Journal Articles

Publication Date



Geographical Analysis


This study examines issues of Small Area Estimation (SAE) that are raised by reliance on the American Community Survey (ACS), which reports tract-level data based on much smaller samples than the decennial census long-form that it replaced. We demonstrate the problem using a 100% transcription of microdata from the 1940 census. By drawing many samples from two major cities, we confirm a known pattern: random samples yield unbiased point estimates of means or proportions, but estimates based on smaller samples have larger average errors in measurement and greater risk of large error. Sampling variability also inflates estimates of measures of variation across areas (reflecting segregation or spatial inequality). This variation is at the heart of much contemporary spatial analysis (Sampson 2012). We then evaluate possible solutions. For point estimates, we examine three Bayesian models, all of which reduce sampling variation, and we encourage use of such models to correct ACS small area estimates. However, the corrected estimates cannot be used to calculate estimates of variation, because smoothing toward local or grand means artificially reduces variation. We note that there are potential Bayesian approaches to this problem, and we demonstrate an efficacious alternative that uses the original sample data.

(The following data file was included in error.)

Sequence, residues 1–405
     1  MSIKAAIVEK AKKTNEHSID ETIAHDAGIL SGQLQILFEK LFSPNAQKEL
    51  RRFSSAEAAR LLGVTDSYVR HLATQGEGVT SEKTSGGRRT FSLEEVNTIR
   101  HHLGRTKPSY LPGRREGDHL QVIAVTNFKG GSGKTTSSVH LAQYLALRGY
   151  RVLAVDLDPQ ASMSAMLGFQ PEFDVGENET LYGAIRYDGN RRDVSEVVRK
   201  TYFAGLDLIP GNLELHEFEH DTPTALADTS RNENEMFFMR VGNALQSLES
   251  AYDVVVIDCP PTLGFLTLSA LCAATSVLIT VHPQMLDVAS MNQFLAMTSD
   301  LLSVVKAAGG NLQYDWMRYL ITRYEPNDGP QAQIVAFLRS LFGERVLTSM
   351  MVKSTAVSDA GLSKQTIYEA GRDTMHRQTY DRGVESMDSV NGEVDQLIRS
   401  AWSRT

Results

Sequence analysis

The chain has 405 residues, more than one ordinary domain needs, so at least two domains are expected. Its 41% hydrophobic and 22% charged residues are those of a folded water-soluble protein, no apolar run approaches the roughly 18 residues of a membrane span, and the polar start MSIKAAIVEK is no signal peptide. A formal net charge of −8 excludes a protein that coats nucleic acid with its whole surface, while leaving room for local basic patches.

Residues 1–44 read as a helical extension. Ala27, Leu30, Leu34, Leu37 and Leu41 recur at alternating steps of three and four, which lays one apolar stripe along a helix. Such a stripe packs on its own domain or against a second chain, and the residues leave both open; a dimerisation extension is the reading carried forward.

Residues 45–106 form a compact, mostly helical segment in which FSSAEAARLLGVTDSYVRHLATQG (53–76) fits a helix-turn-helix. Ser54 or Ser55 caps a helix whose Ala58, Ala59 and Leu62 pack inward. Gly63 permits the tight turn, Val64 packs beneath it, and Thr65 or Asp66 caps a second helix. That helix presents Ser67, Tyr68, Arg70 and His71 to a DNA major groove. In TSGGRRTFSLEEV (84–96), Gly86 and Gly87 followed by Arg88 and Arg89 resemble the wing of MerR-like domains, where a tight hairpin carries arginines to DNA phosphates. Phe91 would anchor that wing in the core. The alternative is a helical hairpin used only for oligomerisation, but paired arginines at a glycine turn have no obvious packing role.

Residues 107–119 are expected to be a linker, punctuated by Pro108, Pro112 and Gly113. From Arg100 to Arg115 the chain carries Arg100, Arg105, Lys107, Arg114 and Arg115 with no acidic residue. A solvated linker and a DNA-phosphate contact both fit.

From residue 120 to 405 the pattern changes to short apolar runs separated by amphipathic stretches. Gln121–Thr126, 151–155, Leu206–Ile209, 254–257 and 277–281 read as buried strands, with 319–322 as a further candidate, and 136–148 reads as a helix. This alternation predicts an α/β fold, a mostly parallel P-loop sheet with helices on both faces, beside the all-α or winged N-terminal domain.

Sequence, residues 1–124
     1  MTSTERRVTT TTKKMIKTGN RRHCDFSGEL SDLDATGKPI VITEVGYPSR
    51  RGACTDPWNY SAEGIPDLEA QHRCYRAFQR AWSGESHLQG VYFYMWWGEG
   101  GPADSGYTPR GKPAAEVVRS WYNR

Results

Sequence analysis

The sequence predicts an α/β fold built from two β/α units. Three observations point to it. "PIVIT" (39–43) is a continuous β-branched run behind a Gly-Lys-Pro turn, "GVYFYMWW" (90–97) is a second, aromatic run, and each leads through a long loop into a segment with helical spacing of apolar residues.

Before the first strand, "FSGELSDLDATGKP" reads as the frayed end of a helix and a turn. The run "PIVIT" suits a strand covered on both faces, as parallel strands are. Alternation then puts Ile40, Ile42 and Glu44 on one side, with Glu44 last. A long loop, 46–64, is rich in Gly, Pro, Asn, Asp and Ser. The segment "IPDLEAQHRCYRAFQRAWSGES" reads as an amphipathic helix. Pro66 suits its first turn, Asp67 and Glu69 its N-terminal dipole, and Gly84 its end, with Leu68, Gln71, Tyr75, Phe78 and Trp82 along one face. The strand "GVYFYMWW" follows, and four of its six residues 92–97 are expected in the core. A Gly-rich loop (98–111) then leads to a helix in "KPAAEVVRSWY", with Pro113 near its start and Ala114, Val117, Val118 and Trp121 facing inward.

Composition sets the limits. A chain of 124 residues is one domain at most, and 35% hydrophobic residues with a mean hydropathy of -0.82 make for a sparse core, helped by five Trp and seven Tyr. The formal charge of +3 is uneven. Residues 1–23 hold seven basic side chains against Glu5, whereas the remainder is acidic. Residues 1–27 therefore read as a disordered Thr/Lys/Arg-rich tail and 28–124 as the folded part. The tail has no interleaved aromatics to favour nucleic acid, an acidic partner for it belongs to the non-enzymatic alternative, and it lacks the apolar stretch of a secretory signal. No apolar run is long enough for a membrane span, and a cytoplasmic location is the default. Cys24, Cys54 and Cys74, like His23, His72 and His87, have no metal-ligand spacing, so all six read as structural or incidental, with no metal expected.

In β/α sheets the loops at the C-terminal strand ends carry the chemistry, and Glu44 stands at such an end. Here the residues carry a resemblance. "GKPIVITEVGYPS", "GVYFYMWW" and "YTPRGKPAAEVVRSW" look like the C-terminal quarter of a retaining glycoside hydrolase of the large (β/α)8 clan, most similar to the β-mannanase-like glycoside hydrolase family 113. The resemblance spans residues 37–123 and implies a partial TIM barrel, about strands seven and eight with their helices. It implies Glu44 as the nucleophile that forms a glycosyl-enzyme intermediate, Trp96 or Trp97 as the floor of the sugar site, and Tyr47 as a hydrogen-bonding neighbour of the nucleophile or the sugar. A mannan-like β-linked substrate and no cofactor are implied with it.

Small area estimation, American Community Survey, Bayesian models

Included in

Public Health Commons



To view the content in your browser, please download Adobe Reader or, alternately,
you may Download the file to your hard drive.

NOTE: The latest versions of Adobe Reader do not support viewing PDF files within Firefox on Mac OS and if you are using a modern (Intel) Mac, there is no official plugin for viewing PDF files within the browser window.